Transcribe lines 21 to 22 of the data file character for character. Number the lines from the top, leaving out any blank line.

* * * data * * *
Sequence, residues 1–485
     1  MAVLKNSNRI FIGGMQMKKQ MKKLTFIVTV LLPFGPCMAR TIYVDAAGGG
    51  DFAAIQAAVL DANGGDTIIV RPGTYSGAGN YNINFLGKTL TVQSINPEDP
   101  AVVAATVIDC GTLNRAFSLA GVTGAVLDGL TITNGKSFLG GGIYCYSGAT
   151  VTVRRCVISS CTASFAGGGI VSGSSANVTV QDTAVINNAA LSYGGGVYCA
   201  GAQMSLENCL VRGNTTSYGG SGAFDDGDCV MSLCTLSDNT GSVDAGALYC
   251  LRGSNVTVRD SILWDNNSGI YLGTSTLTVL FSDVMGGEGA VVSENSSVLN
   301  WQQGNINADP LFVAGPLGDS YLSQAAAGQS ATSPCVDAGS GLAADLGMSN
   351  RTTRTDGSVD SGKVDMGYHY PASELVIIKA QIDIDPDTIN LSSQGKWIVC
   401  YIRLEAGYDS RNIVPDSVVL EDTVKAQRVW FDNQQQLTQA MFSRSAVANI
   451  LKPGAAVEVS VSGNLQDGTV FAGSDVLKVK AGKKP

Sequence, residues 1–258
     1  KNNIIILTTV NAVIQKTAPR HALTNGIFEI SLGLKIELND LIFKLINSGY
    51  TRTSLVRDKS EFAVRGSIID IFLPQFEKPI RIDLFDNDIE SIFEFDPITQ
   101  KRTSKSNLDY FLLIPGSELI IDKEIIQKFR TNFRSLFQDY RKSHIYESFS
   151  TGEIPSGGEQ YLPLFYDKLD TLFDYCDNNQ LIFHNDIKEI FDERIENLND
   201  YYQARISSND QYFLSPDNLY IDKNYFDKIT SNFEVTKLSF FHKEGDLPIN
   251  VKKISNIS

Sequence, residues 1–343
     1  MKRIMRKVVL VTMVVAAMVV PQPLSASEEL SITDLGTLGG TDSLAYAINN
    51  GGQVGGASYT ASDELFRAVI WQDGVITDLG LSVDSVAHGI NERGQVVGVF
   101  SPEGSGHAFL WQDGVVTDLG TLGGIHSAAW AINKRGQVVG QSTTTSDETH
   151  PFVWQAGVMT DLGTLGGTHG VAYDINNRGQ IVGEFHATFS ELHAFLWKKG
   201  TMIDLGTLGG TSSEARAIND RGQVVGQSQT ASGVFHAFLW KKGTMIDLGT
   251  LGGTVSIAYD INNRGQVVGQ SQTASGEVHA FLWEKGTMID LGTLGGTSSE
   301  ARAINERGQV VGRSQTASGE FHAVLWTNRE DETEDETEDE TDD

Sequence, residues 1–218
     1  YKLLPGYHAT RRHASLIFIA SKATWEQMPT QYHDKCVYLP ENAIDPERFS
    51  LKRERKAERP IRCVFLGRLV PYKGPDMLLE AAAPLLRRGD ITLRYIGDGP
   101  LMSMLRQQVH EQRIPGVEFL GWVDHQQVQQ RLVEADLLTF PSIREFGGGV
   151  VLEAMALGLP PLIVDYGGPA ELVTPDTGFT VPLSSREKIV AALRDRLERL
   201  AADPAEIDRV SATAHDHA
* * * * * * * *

    51  GGQVGGASYT ASDELFRAVI WQDGVITDLG LSVDSVAHGI NERGQVVGVF
   101  SPEGSGHAFL WQDGVVTDLG TLGGIHSAAW AINKRGQVVG QSTTTSDETH